scipy.stats.probplot(x, sparams=(), dist='norm', fit=True, plot=None)[source]

Calculate quantiles for a probability plot, and optionally show the plot.

Generates a probability plot of sample data against the quantiles of a specified theoretical distribution (the normal distribution by default). probplot optionally calculates a best-fit line for the data and plots the results using Matplotlib or a given plot function.


x : array_like

Sample/response data from which probplot creates the plot.

sparams : tuple, optional

Distribution-specific shape parameters (shape parameters plus location and scale).

dist : str or stats.distributions instance, optional

Distribution or distribution function name. The default is ‘norm’ for a normal probability plot. Objects that look enough like a stats.distributions instance (i.e. they have a ppf method) are also accepted.

fit : bool, optional

Fit a least-squares regression (best-fit) line to the sample data if True (default).

plot : object, optional

If given, plots the quantiles and least squares fit. plot is an object that has to have methods “plot” and “text”. The matplotlib.pyplot module or a Matplotlib Axes object can be used, or a custom object with the same methods. Default is None, which means that no plot is created.


(osm, osr) : tuple of ndarrays

Tuple of theoretical quantiles (osm, or order statistic medians) and ordered responses (osr). osr is simply sorted input x. For details on how osm is calculated see the Notes section.

(slope, intercept, r) : tuple of floats, optional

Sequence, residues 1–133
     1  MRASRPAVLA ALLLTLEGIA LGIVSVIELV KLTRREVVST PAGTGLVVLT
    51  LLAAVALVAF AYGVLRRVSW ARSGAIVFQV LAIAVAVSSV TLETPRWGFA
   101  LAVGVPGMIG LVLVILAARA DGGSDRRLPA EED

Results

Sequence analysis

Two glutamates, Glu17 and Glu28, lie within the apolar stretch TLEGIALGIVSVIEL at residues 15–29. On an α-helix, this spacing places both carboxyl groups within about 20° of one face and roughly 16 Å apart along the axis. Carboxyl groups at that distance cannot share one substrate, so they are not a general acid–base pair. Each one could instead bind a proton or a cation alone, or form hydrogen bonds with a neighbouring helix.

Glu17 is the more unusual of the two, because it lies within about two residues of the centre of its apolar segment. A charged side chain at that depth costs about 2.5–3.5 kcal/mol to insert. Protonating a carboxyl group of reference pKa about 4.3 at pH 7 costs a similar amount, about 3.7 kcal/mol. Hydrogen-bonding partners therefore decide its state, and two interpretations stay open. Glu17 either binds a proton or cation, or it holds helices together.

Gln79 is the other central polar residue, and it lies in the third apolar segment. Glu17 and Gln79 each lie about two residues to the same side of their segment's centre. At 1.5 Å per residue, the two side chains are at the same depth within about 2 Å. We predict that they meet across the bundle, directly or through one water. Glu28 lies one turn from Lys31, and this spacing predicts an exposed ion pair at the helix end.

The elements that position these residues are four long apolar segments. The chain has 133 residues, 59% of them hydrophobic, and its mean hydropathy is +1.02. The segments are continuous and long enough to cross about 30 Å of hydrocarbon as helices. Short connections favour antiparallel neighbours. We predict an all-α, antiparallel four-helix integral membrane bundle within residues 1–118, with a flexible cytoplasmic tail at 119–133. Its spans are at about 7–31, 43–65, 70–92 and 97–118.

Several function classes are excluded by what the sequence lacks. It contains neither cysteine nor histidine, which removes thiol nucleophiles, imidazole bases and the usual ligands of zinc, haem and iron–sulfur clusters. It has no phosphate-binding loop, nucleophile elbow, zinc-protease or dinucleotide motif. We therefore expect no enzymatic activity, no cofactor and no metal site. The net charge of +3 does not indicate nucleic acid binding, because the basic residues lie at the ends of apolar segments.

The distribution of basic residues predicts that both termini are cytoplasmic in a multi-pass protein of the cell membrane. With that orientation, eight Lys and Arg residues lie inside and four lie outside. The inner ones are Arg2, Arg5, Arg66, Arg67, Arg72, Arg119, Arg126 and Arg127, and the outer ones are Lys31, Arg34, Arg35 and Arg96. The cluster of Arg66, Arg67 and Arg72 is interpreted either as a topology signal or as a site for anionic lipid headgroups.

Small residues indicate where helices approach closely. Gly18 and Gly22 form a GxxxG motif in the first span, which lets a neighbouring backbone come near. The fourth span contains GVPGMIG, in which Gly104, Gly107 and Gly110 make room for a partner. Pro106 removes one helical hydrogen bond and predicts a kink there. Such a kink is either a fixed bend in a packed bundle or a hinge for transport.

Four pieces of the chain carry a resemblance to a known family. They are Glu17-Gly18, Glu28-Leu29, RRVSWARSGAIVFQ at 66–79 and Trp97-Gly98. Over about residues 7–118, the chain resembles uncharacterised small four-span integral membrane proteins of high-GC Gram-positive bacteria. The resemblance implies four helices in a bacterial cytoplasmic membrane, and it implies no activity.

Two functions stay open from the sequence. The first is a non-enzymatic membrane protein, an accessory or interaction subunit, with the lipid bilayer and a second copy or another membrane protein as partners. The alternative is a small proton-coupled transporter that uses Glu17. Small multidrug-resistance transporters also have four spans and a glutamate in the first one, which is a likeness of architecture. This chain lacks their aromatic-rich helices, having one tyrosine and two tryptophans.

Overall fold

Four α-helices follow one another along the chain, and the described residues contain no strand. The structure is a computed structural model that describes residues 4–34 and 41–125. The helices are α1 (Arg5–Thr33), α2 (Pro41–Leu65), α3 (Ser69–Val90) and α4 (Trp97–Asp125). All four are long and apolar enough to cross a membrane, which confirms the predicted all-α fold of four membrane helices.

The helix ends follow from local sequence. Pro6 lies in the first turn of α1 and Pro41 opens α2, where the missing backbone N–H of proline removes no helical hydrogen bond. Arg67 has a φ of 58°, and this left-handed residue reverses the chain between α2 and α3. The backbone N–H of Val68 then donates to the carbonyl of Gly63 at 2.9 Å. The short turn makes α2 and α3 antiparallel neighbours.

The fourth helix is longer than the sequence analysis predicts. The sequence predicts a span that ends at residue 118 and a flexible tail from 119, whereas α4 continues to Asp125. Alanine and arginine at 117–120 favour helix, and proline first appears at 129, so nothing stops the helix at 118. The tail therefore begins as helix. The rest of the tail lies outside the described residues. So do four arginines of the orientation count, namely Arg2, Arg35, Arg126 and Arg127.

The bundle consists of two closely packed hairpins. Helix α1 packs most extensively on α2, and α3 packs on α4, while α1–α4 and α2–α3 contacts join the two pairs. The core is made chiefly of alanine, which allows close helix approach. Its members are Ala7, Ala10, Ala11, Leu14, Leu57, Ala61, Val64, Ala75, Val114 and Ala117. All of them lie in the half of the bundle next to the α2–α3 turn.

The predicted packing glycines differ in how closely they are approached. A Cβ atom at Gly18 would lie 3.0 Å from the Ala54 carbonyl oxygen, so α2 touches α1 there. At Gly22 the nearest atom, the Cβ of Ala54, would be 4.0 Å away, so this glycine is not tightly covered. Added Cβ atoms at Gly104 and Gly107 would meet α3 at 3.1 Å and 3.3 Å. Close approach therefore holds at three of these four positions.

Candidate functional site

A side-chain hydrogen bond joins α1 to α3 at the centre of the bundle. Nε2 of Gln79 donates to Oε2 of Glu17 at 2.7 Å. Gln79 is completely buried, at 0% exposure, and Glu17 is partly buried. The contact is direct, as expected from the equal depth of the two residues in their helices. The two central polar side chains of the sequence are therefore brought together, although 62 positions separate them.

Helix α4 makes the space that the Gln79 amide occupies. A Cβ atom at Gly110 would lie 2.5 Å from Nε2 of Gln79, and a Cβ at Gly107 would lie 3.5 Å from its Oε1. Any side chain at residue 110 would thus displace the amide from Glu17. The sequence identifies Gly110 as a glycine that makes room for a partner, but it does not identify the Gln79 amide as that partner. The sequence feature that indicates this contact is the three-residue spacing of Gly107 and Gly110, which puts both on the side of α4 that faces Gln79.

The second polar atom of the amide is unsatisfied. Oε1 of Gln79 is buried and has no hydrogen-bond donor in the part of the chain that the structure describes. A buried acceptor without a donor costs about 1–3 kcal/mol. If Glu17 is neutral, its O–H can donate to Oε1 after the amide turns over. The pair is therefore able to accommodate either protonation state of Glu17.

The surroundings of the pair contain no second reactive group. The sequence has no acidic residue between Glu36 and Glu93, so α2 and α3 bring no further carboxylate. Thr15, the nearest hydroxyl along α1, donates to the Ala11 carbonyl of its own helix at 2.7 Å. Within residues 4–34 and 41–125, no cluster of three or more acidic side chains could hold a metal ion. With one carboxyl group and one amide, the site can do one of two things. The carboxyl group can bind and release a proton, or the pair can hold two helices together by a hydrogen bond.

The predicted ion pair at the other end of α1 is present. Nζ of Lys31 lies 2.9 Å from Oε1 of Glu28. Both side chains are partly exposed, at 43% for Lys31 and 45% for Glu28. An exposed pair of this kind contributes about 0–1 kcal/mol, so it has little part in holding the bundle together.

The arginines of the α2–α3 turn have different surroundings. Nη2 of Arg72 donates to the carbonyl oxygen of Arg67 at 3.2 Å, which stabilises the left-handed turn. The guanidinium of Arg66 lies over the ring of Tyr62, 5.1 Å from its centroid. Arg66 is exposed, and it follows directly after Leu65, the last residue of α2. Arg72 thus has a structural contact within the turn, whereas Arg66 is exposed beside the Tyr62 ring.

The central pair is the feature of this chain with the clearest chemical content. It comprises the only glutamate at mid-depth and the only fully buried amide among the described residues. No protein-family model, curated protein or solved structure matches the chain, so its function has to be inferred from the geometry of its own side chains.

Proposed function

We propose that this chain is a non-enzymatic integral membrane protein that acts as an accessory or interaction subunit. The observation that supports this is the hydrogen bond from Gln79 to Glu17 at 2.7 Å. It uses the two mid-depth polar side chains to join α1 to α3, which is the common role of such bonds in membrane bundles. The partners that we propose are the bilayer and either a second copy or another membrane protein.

Tuple containing the result of the least-squares fit, if that is performed by probplot. r is the square root of the coefficient of determination. If fit=False and plot=None, this tuple is not returned.


Even if plot is given, the figure is not shown or saved by probplot; or plt.savefig('figname.png') should be used after calling probplot.

probplot generates a probability plot, which should not be confused with a Q-Q or a P-P plot. Statsmodels has more extensive functionality of this type, see statsmodels.api.ProbPlot.

The formula used for the theoretical quantiles (horizontal axis of the probability plot) is Filliben’s estimate:

quantiles = dist.ppf(val), for

        0.5**(1/n),                  for i = n
  val = (i - 0.3175) / (n + 0.365),  for i = 2, ..., n-1
        1 - 0.5**(1/n),              for i = 1

where i indicates the i-th ordered value and n is the total number of values.


>>> from scipy import stats
>>> import matplotlib.pyplot as plt
>>> nsample = 100
>>> np.random.seed(7654321)

A t distribution with small degrees of freedom:

>>> ax1 = plt.subplot(221)
>>> x = stats.t.rvs(3, size=nsample)
>>> res = stats.probplot(x, plot=plt)

A t distribution with larger degrees of freedom:

>>> ax2 = plt.subplot(222)
>>> x = stats.t.rvs(25, size=nsample)
>>> res = stats.probplot(x, plot=plt)

A mixture of two normal distributions with broadcasting:

>>> ax3 = plt.subplot(223)
>>> x = stats.norm.rvs(loc=[0,5], scale=[1,1.5],
...                    size=(nsample/2.,2)).ravel()
>>> res = stats.probplot(x, plot=plt)

A standard normal distribution:

>>> ax4 = plt.subplot(224)
>>> x = stats.norm.rvs(loc=0, scale=1, size=nsample)
>>> res = stats.probplot(x, plot=plt)

Produce a new figure with a loggamma distribution, using the dist and sparams keywords:

>>> fig = plt.figure()
>>> ax = fig.add_subplot(111)
>>> x = stats.loggamma.rvs(c=2.5, size=500)
>>> stats.probplot(x, dist=stats.loggamma, sparams=(2.5,), plot=ax)
>>> ax.set_title("Probplot for loggamma dist with shape parameter 2.5")

Show the results with Matplotlib:


(Source code)